Shacknews - Daniel Perez

Techland has revealed the next piece of downloadable content for Dying Light, called The Following.

Dying Light: The Following is being called a “feature-heavy, story-based” expansion pack that will be available to download for free to all Season Pass holders, although it’ll also be available to purchase separately. The new map featured in The Following is the same size as all of the previous maps from Dying Light combined, which should give players a lot of room to drive around in their all-terrain dirt buggies.

Dying Light: The Following is expected to be shown at Gamescom. We should have some more information on what we can expect then.

Shacknews - Josh Hawkins

The moment I loaded into the first level of Kyn I knew I was looking at one of the prettiest indie-RPGs ever. Throw in the fact that Kyn was almost completely made with just two people (they contracted out some) and that makes the game’s beauty even more amazing. This feeling of happiness and awe didn’t last long, however, as I was quickly thrust into the bowels of one of the worst combat systems I’ve ever experienced in an RPG.

For those who haven’t been following this indie-RPG’s birth, Kyn is a tactical action-RPG set within a Norse fantasy world. Players take on the roles of Bram and Alrik, two young Norsemen from the town of Vinborg who have just finished their trials to become Magni. On their way home they find out that the world is falling apart, and what were once peaceful creatures have suddenly changed color and become violent. What follows is an almost directionless stint of story missions that send players all over the world helping people survive this plague of “the reds” which the Norsemen have so aptly named their newly converted enemies. All in all it’s a twisting, almost plotless story, that isn’t going to win any awards.

Being one of the things that players will spend a lot of time doing, combat is extremely important to a game like Kyn. However, instead of holding true to this notion the combat in Kyn doesn’t flow smoothly, the ‘tactical’ bits are overruled by the waves of enemies pouring down on you, making it vitally important to make use of the game’s “slow mode” just simply to make sure your characters are attacking the right people. No matter how hard I tried though, more often than not I ended up filling like I was stuck in a bullet hell shooter, just waiting for the next wave of enemies to come barreling my way.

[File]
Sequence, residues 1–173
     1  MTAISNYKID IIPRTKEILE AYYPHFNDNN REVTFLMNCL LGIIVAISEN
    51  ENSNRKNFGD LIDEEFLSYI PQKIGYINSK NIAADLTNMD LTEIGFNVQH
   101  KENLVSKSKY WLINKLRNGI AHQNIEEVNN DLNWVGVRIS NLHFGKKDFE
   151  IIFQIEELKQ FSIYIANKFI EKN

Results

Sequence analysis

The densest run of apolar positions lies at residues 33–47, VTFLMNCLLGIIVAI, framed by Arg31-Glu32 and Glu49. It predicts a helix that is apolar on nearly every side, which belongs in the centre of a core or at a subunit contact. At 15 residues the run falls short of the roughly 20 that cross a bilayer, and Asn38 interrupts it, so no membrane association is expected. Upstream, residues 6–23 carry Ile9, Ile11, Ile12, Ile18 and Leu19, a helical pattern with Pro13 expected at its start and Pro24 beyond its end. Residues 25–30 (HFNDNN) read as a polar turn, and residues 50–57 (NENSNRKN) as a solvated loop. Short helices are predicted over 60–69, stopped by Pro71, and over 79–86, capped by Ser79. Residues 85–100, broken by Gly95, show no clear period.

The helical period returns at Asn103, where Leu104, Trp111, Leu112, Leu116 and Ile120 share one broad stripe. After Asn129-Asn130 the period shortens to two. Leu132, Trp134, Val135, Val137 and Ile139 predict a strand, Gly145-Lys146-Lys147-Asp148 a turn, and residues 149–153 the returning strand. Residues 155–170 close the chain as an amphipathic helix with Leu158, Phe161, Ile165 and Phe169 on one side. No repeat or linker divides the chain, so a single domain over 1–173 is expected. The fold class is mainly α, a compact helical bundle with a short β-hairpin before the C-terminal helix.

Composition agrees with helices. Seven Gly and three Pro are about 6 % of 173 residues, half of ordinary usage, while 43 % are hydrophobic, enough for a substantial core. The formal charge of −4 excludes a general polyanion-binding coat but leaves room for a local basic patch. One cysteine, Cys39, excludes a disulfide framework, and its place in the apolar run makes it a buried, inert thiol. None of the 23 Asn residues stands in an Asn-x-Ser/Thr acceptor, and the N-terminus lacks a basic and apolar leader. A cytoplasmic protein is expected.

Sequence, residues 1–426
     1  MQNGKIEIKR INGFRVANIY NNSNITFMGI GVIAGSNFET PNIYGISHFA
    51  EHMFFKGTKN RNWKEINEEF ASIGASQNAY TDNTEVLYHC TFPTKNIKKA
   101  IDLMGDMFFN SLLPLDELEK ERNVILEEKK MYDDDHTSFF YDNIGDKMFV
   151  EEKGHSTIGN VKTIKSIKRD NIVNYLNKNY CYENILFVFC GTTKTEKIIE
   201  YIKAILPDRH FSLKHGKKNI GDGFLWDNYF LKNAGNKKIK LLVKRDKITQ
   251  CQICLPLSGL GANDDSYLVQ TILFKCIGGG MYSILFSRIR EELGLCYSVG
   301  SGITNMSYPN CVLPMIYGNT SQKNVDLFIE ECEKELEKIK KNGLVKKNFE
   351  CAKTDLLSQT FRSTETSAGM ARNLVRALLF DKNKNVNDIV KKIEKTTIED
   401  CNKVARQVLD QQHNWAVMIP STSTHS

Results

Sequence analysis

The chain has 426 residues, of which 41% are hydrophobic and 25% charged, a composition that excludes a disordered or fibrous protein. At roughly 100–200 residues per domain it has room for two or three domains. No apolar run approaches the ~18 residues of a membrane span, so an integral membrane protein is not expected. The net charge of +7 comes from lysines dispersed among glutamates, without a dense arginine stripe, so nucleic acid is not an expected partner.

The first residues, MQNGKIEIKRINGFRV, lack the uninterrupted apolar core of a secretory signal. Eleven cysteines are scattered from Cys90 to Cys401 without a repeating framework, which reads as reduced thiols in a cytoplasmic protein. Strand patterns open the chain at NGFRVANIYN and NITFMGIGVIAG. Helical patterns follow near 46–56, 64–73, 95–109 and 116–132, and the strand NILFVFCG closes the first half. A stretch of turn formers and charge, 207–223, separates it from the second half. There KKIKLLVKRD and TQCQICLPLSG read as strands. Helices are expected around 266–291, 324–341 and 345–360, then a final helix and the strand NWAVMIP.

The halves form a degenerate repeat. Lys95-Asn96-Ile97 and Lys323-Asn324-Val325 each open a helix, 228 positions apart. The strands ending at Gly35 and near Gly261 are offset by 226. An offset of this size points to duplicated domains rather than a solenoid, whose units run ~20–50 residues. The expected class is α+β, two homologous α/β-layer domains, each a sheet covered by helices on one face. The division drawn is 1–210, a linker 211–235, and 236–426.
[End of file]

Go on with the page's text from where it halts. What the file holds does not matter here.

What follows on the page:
One of the most frustrating moments of the game is a level where my party is tasked with freeing a bunch of prisoners from a fortress. Split up, three of my party must make it to the eastern gate, where my fourth party member will sneak in and unlock it. But there’s no sneaking mechanic, and after more than an hour spent trying to sneak past groups of enemies unsuccessfully I finally ended up running through to the gate’s lever and opening it there.

Combat isn’t the only unappealing thing in Kyn. As you venture through the world taking on the endless waves of enemies, and trying to follow a story that makes no sense, and has little substance, you’re bound to find yourself getting stuck behind objects. With a locked camera view, the game cuts off much of what you can see of the game world. This means more often than not you’re going to end up having to skirt around objects that are in the foreground, blocking your path. This also creates issues with seeing buttons for puzzles and chests, which can be frustrating.

Don’t misunderstand me though. Not everything about Kyn is bad. While the story may lack content, it isn’t downright terrible. The game looks beautiful, it has some of the best level design we’ve seen this year, and the enemies and characters are all visually stunning and unique. Sadly that isn’t enough to save the game from a bland story, and character personalities that are almost nonexistent.

Kyn is a nice distraction from other games, but don’t expect it to endlessly enthrall you like other RPGs would. However, the scope of the game is well beyond what you’d expect from the two-man team who coded, created, and designed it. The mission system allows you to easily hop on for an hour here and there, which helps to make the game worth experiencing at least once if you’re a diehard RPG fan. Just don’t go into it expecting the story to change your life.

This review is based on a download code provided by the publisher. Kyn is available via Steam today, for $19.99.

Shacknews - Steve Watts

Video games have historically been built around specific rule sets and goals, and as game designers aim to tell stories they're becoming all the more stringent. But what happens when we break the rules, or use the systems of a game to make all-new goals and experiences? This week, inspired by Games Done Quick, the Chattycast is tackling emergent gameplay in its many forms: speed runs, sequence breaking, and more. What fascinates us about the practice? Is it more like an art form or a sport? Do we owe it to creators to gain their blessing before using their games in ways they never intended? What are some of the wildest emergent moments you've seen or even personally done? 

Plus we'll talk about more Newsybits, have another rousing round of Beat the Doc, and more!